George Saunders’s “Lincoln in the Bardo” – book review

I finished reading the winner of the Man Booker Prize of 2017, the day before the Booker for 2018 was announced. Then I procrastinated with writing the review. But at least the timing works rather nicely, as a book review of Lincoln in the Bardo is really rather well suited for Halloween in my opinion. I don’t like scary stories or horror stories. This isn’t one. It’s just the story of ghosts in a cemetery. So, it’s as close to Halloween, as it gets, right?

Before I start the review properly, I should probably explain the title of the book, as I’ve had it explained to me before I read it – and you might have just missed the flurry of reviews that appeared after the publication of the book.

The surname “Lincoln” in the title refers to both the President and his son Willie, who died aged eleven in February 1862.

The bardo is a Tibetan Buddhist concept: “when someone dies, Tibetan Buddhists believe that they enter the bardo of the time of death, in which they will either ascend towards nirvana, and be able to escape the cycle of action and suffering that characterises human life on earth, or gradually fall back, through increasingly wild and scary hallucinations, until they are born again into a new body.”

The Guardian 

George Saunders constructs his book around the concept of the bardo: a place where souls too attached to the earthly life linger. The reader’s guides to this strange world are:

  • Reverend Everly Thomas who died of old age, but is terrified he will be found wanting in God’s judgment,
  • Roger Bevins, a young gay man who committed suicide after his lover rejected him, but regretted his decision in his dying moments, and
  • Hans Vollman who died the day before he was supposed to consummate his marriage.

The action of the novel is mostly presented through dialogue between these characters, and this device works surprisingly well. All the narrators are concerned about the fate of Willie Lincoln, who died age 11. A young boy should not linger too long in the bardo, as there is a horrible punishment for children who linger there. But the boy says his father promised to visit him at the cemetery and insists on waiting… the other ghosts struggle to dissuade him.

Another interesting narrative technique is Saunders’s masterful and playful synthesis between various historical sources: Elizabeth Keckley’s Behind the Scenes or Thirty Years a Slave and Four Years in the White House, and Margaret Garret’s All This Did I See: Memories of a Terrible Time, among others. Sentence by sentence, Saunders unifies and contrasts the different eyewitness accounts to get at the “truth” of a given historical event.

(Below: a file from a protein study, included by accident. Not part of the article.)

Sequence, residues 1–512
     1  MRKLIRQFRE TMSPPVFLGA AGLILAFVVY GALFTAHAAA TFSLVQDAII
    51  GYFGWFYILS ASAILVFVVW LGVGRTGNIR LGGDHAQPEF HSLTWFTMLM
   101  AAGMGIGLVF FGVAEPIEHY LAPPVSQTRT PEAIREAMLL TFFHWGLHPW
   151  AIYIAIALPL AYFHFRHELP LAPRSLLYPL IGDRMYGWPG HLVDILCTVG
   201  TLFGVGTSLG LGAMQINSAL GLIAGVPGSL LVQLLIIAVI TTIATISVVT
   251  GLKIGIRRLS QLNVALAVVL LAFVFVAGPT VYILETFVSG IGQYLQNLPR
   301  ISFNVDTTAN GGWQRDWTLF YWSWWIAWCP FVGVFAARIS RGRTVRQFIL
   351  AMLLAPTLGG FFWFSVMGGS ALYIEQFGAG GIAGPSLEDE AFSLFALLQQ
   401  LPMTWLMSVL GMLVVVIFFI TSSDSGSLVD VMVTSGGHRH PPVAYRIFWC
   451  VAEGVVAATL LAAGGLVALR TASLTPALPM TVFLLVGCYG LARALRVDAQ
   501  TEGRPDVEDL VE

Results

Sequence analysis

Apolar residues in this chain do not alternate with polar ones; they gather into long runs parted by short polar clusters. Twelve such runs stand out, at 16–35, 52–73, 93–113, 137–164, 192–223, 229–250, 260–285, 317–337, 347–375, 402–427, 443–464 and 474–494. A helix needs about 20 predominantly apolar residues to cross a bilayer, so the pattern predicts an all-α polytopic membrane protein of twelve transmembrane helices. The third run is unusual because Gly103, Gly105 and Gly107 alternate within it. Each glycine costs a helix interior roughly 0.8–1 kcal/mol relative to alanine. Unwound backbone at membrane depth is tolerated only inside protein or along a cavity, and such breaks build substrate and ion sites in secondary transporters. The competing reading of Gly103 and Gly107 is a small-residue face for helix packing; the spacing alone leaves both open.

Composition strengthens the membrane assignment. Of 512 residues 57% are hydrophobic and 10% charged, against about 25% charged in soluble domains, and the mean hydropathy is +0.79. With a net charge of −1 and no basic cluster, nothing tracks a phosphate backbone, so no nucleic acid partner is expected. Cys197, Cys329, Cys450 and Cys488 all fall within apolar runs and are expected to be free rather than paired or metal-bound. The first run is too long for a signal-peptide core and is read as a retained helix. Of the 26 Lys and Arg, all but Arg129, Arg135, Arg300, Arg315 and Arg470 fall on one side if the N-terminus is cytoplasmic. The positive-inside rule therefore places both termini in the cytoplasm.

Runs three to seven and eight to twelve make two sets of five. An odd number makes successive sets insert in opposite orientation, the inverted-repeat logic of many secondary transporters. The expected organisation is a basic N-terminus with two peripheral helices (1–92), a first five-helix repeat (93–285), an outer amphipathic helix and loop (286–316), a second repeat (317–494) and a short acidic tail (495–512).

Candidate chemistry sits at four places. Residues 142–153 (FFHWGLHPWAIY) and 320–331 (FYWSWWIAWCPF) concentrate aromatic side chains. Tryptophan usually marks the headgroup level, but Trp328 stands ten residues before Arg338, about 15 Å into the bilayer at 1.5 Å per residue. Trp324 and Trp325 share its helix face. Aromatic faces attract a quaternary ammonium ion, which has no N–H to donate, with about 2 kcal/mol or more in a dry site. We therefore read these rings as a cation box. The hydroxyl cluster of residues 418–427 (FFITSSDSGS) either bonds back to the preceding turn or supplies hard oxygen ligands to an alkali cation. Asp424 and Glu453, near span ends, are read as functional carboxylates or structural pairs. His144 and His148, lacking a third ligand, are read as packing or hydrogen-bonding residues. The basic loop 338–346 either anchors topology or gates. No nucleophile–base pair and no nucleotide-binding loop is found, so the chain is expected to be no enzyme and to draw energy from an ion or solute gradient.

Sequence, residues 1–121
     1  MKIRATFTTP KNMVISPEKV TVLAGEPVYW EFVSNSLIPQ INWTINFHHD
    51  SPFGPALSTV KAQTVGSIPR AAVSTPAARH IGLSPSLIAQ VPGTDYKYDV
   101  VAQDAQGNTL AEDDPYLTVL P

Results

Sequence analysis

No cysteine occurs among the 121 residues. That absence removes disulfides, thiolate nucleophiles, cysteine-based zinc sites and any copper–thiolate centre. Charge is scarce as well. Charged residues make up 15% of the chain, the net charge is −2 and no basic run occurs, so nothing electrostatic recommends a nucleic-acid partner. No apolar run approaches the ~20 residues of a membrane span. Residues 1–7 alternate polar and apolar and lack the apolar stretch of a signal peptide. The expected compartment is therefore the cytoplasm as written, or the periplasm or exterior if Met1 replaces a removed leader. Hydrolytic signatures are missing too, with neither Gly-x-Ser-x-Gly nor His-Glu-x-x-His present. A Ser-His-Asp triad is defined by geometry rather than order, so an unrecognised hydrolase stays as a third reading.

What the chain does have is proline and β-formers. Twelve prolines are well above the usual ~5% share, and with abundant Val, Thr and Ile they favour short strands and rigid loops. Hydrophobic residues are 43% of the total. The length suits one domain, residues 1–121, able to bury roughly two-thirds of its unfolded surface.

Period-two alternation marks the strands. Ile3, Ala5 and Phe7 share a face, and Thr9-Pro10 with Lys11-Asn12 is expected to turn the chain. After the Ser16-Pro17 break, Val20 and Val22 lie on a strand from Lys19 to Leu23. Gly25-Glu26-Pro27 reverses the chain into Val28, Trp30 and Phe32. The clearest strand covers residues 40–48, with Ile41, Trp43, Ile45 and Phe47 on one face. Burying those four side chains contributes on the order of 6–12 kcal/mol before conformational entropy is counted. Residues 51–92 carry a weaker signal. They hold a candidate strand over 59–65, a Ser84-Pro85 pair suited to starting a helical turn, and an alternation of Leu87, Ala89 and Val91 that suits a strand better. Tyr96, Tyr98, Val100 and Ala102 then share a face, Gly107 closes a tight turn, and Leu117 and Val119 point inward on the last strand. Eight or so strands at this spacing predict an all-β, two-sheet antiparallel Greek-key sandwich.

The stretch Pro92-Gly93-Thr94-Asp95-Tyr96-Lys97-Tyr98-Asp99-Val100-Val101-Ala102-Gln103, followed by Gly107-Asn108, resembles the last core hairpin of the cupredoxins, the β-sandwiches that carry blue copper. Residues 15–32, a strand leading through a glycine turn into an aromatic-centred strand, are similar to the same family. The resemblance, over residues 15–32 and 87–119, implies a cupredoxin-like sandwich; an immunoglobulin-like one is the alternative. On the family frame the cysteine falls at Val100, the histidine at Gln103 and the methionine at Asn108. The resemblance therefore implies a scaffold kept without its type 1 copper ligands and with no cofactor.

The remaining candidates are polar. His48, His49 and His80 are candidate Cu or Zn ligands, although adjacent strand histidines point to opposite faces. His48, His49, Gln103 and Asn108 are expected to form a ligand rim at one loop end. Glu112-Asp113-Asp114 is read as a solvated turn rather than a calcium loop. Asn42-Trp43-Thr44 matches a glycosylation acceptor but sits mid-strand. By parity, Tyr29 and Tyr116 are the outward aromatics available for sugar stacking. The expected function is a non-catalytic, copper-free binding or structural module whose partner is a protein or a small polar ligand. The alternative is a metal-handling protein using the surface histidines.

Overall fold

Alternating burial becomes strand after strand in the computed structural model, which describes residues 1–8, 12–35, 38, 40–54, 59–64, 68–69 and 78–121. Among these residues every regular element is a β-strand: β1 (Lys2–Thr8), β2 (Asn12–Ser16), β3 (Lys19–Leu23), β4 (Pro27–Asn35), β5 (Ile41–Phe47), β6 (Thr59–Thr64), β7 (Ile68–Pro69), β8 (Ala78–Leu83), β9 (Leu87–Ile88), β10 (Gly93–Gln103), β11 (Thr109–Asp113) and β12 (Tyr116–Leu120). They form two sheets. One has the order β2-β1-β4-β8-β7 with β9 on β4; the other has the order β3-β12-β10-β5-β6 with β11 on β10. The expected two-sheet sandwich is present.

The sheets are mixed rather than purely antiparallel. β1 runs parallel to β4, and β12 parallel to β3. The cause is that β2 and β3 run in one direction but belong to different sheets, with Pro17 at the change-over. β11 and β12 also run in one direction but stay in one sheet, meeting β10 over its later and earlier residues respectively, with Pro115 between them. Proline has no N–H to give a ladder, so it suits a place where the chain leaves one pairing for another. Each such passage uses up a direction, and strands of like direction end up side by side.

A particularly magnificent passage contrast the differences between the various eyewitness accounts of a party at the President’s House:

“There was no moon that night and the sky was heavy with clouds” Wickett, op.cit.

“A fat green crescent hung above the mad scene like a stolid judge” In “My Life,” by Dolores P. Leventrop

“The full moon that night was yellow red” Sloane, op. cit

 

The moon not only changes colours between those eyewitness accounts: it also changes phase, or even disappears completely.  The intense subjectivity of human experience is something that Saunders is deeply interested in. The personal invades even those events which we are used to thinking of with historical detachment. Our “objectivity” tends to be enforced by the third person narratives of history textbooks, which do not take into account the emotions of the people who were affected by these historical events.

As much as Lincoln in the Bardo is about subjectivity, it is also about grief, responsibility and the obligation to do the best of the time that is given to us.

It is a story about ghosts, but it is also a great affirmation of life.

 

 

P.S. Perhaps the Halloween association in my head only appeared because the only book I can think of as being vaguely similar to Lincoln in the Bardo is Adam Mickiewicz’s Dziady (Forefathers’ Eve) Part II. Unless you’re Polish, you probably haven’t heard of it. It’s a 19th-century Romantic drama in which ghosts explain why they have been made to wander in the world (a sort of limbo or bardo, if you like). The action takes place on All Hallow’s Eve. I hope someone who is vaguely academic will write an interesting essay comparing the concepts of limbo in those two books…

 

 

 

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